Danny Harris is a DC-based photographer, DJ, and collector of stories. In September, he launched People’s District, a blog that tells a people’s history of DC by sharing the stories and images of its residents. Every day, People’s District presents a different Washingtonian sharing his or her insights on everything from Go Go music to homelessness to fashion to politics. You can read his previous columns here.
“I am a D.C. staple, just like the president and mayor and all of those people. Come on, I am Blelvis, the black Elvis. Everyone knows me. Now, I am basically a street performer for lack of a better term. But, I have not always been a street performer. I used to have a band, Blelvis and the Sun Blisters. We played all over town.
“I grew up in the Petworth area. I went to Petworth Elementary, Macfarland Junior High, and Roosevelt High School. I have lived in Montana, Wyoming, Arizona, and Texas. A sad, but true commentary about D.C. is that most young, black people have never left the metropolitan area. I am fortunate that I have seen a lot of places, but I always came back to D.C.
“People always ask me, ‘Why Elvis?’ I guess we were connected since birth, as I was born the same day, but different year, as Elvis on January 8. You can say that Blelvis was born the day that Elvis died on August 16, 1977. As a teenager, I used to listen to the radio a lot, but never liked Elvis. When he died and they announced the the king was dead, all of the radio stations started playing his music non-stop. I kept changing the stations, trying to find one that was not playing Elvis, but I couldn’t. At first, I was pissed and then I heard ‘Treat Me Nice.’ I was like, ok, that sounds pretty good. Then another song came on, ‘(You’re so Square Baby) I Don’t Care.’ Anyway, I ended up listening to Elvis the whole night. I was like, damn, he put out some good shit. A couple of days later, I got my first Elvis album. Then, as the old southern expression goes, whole hog or nothing at all. It means whatever you get into, go all of the way with it or don’t do it at all. That is the way I am.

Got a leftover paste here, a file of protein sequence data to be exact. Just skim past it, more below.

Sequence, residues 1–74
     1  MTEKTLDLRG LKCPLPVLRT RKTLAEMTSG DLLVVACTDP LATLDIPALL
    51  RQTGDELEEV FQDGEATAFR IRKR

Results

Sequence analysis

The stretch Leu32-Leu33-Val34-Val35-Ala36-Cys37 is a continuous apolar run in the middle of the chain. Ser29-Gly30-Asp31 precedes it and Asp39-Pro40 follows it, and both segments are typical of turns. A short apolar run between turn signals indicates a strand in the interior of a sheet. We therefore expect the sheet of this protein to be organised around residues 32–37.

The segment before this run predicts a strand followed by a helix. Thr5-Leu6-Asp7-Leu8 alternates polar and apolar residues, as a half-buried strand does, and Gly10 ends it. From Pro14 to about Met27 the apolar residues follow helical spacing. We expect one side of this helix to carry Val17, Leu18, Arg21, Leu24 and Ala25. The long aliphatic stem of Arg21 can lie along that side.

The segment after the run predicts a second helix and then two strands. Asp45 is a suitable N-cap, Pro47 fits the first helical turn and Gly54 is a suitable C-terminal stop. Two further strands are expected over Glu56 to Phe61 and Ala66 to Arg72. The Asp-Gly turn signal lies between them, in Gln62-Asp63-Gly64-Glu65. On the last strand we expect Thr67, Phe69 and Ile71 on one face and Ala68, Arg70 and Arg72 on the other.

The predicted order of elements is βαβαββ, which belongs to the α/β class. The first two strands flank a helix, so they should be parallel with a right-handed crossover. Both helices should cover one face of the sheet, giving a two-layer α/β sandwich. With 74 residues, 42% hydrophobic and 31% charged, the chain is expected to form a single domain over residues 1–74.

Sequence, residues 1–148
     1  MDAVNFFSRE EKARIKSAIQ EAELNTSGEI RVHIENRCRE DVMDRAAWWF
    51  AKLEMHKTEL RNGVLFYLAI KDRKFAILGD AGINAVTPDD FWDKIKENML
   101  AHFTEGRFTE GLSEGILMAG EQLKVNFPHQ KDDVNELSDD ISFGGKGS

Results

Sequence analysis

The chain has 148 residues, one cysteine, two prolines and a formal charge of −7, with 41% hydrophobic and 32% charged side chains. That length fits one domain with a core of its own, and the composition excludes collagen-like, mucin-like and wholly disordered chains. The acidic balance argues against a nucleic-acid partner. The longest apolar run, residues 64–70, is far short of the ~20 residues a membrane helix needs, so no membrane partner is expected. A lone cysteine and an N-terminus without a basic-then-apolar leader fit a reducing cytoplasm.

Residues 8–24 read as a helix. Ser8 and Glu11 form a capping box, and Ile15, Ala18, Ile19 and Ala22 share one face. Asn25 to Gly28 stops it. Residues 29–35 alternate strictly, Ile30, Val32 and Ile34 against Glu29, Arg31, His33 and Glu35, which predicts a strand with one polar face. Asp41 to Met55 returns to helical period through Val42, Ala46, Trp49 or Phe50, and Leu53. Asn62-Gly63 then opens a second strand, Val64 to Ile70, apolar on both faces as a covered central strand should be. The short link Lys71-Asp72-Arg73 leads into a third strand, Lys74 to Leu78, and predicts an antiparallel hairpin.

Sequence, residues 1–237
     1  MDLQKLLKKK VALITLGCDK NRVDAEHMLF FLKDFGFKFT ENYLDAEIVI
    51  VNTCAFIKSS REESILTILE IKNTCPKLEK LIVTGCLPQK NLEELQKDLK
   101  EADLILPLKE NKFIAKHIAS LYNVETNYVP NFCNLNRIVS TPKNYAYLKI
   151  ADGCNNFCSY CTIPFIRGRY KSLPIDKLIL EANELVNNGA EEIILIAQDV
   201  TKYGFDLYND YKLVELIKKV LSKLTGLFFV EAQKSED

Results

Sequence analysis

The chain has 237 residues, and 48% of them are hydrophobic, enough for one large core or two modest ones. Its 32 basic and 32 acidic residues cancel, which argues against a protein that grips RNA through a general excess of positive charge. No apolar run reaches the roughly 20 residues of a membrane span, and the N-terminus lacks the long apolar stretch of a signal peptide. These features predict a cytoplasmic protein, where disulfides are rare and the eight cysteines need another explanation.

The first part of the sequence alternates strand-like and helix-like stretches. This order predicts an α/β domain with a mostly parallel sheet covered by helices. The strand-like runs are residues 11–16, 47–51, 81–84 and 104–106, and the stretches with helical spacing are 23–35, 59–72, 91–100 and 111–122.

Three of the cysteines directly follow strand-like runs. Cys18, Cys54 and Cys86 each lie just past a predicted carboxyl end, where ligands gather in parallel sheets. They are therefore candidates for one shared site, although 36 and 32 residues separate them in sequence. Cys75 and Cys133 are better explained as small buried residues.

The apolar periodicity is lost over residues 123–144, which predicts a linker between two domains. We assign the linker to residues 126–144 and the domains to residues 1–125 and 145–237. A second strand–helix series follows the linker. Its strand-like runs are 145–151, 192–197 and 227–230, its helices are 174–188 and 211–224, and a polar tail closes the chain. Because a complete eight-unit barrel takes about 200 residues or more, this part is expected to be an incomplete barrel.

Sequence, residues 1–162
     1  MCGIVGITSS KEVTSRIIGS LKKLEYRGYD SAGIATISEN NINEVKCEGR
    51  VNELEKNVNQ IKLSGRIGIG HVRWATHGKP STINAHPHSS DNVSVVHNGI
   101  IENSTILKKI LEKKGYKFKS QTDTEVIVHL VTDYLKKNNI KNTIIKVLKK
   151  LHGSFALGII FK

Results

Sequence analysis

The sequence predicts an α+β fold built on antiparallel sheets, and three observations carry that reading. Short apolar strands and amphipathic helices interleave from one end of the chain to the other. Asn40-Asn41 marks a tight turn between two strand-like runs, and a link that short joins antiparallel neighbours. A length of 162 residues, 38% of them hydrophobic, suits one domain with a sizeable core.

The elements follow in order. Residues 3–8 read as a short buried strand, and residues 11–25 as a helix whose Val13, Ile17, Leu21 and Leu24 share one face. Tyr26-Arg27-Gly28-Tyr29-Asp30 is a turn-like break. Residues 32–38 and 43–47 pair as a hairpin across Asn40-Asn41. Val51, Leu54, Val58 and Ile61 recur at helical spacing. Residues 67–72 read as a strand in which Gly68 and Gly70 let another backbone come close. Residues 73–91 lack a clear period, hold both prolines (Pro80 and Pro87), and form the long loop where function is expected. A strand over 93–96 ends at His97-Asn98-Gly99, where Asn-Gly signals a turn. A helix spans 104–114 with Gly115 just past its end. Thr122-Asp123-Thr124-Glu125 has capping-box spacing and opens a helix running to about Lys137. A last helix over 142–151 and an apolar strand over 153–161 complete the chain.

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“Ever since then, I have devoted my life to the king and know ever word to every Elvis song ever written. That is 1,112 songs. I even brought Elvis into my family. I got married at 18, right out of high school. My wife was 27 at the time. We were married for 12 years and had four kids. The first two, she let me name. My first born is Elvison, son of Elvis. My daughter is Elvisa Desiree. The third kid I wanted to name Aaron, which is Elvis’ middle name, but my wife said, “Enough with that Elvis shit!” She was going to let me name our fourth girl Priscilla Marie, but my Mom just died and I named my child after her. My kids don’t love Elvis like I do, but my oldest two respect Elvis out of love for me, but the younger two wonder what the hell is wrong with me! They like Tupac and all of that rap music.
“Now, I am 43 and like to play things by ear. If something pans out, I would love to perform again. I am not in my prime anymore, but I can still do my thing. I’ve also been working on some other acts: Bliberace, the black Liberace, and Blincoln, the black Lincoln.
“Okay, Blevis is about the leave the building. I got to go to Blemphis, the black Memphis.”